Watch out and proceed with caution! Weather conditions — like heavy rain or thick fog — that reduce your visibility on the road can quickly become dangerous. The time of day you drive can also come with visibility challenges. At dawn, the sun may be in your eyes and, at dusk, it may be harder to see with the sun going down. Use these tips to help drive safely in low-visibility conditions.

Driving in Dense Fog

A dense sheet of fog can greatly diminish visibility. It probably feels like you’re driving into a white wall. When driving in low-visibility conditions caused by fog, consider:

  • Using your fog lights. Unlike driving at night, your high beam headlights won’t help you see better. Your low beam or fog lights may work better and reduce the reflection coming back.
  • Driving slowly. With fog conditions, it’s a good idea to reduce your speed to give yourself more time to stop.
  • Braking slowly. Because it may be hard for cars behind you to see you, it’s important to brake slowly to give drivers behind you more time to slow down.
  • Being on the lookout for drivers without their lights on. Cars that drive without lights on are even more difficult to see. Be cautious and watch out for cars that may not have their lights on.
  • Listening for other vehicles. With limited visibility, roll down your window and listen for other vehicles before turning or changing lanes.
  • Driving in bright sun. Driving into the sun can make it more difficult to see. Adjust your sun visor in a position where it blocks the sun from your eyes. You may also want to keep a pair of sunglasses in your car to help you avoid squinting.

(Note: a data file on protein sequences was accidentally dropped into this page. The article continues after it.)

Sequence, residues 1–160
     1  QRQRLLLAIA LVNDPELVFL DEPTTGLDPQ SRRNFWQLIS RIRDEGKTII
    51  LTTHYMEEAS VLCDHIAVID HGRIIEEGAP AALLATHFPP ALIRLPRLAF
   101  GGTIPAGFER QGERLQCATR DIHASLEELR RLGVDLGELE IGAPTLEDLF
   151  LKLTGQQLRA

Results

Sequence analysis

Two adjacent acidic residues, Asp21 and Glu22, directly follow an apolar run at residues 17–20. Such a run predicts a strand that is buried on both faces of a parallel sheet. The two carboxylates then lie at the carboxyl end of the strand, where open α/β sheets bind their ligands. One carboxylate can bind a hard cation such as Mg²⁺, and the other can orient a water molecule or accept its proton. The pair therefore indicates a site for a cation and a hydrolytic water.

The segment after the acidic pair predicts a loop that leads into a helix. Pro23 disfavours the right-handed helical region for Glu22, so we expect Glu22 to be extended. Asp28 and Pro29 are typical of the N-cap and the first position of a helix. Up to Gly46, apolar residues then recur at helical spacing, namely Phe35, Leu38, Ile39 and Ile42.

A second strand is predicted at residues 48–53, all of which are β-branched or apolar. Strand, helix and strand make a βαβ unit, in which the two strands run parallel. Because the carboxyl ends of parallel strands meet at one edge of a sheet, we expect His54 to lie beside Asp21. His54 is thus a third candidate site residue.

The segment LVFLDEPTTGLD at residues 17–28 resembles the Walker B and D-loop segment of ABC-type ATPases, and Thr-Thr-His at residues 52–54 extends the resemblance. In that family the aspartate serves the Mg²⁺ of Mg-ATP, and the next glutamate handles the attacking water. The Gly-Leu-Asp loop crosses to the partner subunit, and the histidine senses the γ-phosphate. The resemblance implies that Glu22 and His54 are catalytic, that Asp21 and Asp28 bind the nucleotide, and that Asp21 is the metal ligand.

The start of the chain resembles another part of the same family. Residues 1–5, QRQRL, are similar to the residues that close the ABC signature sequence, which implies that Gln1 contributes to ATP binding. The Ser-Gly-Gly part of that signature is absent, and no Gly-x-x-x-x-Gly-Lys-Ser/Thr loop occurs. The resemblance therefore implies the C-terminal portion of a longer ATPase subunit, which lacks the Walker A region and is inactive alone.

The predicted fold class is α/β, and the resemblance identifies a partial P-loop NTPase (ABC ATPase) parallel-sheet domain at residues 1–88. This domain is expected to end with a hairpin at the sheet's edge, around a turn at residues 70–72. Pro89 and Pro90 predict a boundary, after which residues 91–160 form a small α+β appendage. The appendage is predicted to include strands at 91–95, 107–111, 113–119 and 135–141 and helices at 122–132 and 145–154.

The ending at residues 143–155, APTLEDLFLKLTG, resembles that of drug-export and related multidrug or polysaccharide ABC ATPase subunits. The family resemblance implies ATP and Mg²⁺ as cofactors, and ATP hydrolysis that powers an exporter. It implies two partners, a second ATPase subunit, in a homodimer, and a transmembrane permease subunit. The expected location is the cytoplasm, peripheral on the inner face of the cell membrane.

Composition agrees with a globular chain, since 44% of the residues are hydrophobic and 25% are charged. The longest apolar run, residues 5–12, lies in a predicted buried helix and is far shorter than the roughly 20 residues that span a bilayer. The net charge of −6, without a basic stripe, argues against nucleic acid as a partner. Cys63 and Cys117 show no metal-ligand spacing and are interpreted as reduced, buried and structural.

Driving in Rain, Ice and Snow

Weather conditions can ​disrupt your commute or your road trip. Be sure to keep your car in tip-top condition, especially when driving in winter weather. Start with making sure your windshield wipers are working correctly and the blades don’t need replacing.

  • Heavy rain: If you get caught driving in torrential rain, your windshield wipers may not be able to keep up. In this case, you may want to find a safe place to pull over to wait the rain out.
  • Ice: Be sure to clear your windshield of all ice. Ice can quickly create a thick film on your windshield restricting you from seeing. Before you hit the road, clear your windshield of all ice, turn on your car’s defrost and allow your car to warm up.
  • Snow: Heavy snow can also cause low visibility. If you’re driving at night during a snowfall you may notice you can see better if you drive with low beams on. The reflection off the snow can make it hard to see with high beams. Use your windshield wipers to help keep your line of sight from being restricted.

 

​For All Conditions

It’s important to take precautions when driving in low-visibility conditions. In all conditions, be sure to avoid distractions when you’re behind the wheel. Turn the radio down and put your phone away. But before you hit the road in any condition, be sure to check with your local Farm Bureau agent to ensure your vehicle has the right coverage.